The potential of Fiber Reinforced Polymer FRP in the reinforcement of concrete structures has been shown in many studies and practical applications. However, few works have been focused systematically on the development of quantitative criteria to measure surface roughness and relate this parameter to the debonding stress. Roughness has a direct influence on the FRP performance in terms of bond to concrete, which is important to ensure the effectiveness of the external FRP reinforcement.Currently, there is not much evidence about the parameters related to surface state of concrete structures nor many guidelines about assessing the optimal conditions of concrete surface for the application of the FRP. To respond to these needs, the presented study deals with the effects of the surface characteristics of concrete on debonding strength of the FRP; this objective has been pursued by means of experimental tests on about 40 specimens characterized by different levels of roughness of the concrete surface. The paper describes the experimental campaign outlining the analyzed surface preparation procedures (i.e., sandblast, bush-ammering, grinding, brushing) and the subsequent tests performed on the installed FRP by means of two different test methods. The former is a laboratory method which performs shear tests to evaluate the debonding shear strength of the FRP reinforcement; the latter is pull-out test which is a typical method used for in situ check of quality of the FRP application. The results of these experimental tests are discussed in the paper with emphasis on the correlation between the roughness of the surface and the outcomes of both shear and pull-out tests; this information can be used in design in order to prescribe the minimum roughness level necessary to attain the expected debonding strength of the reinforcement.

An effective measurement of the concrete roughness and its role on the definition of the debonding strength of external FRP reinforcement

MAZZOTTI, CLAUDIO
2010

Abstract

The potential of Fiber Reinforced Polymer FRP in the reinforcement of concrete structures has been shown in many studies and practical applications. However, few works have been focused systematically on the development of quantitative criteria to measure surface roughness and relate this parameter to the debonding stress. Roughness has a direct influence on the FRP performance in terms of bond to concrete, which is important to ensure the effectiveness of the external FRP reinforcement.Currently, there is not much evidence about the parameters related to surface state of concrete structures nor many guidelines about assessing the optimal conditions of concrete surface for the application of the FRP. To respond to these needs, the presented study deals with the effects of the surface characteristics of concrete on debonding strength of the FRP; this objective has been pursued by means of experimental tests on about 40 specimens characterized by different levels of roughness of the concrete surface. The paper describes the experimental campaign outlining the analyzed surface preparation procedures (i.e., sandblast, bush-ammering, grinding, brushing) and the subsequent tests performed on the installed FRP by means of two different test methods. The former is a laboratory method which performs shear tests to evaluate the debonding shear strength of the FRP reinforcement; the latter is pull-out test which is a typical method used for in situ check of quality of the FRP application. The results of these experimental tests are discussed in the paper with emphasis on the correlation between the roughness of the surface and the outcomes of both shear and pull-out tests; this information can be used in design in order to prescribe the minimum roughness level necessary to attain the expected debonding strength of the reinforcement.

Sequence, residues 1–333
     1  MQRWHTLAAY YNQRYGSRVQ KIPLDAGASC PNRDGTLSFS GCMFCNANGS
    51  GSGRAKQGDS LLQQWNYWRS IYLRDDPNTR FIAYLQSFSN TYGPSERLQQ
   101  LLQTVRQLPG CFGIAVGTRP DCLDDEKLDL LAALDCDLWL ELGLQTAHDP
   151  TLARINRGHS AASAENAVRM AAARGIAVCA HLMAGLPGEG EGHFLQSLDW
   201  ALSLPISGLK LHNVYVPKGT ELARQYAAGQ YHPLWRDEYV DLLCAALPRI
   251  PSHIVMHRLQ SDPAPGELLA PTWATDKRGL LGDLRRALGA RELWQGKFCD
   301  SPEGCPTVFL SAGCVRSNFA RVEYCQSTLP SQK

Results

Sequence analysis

Fourteenth european conference on earthquake engineering: Proceedings
1
7
I. Iovinella; A. Prota; G. Manfredi; C. Mazzotti
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Utilizza questo identificativo per citare o creare un link a questo documento: http://hdl.handle.net/11585/114001
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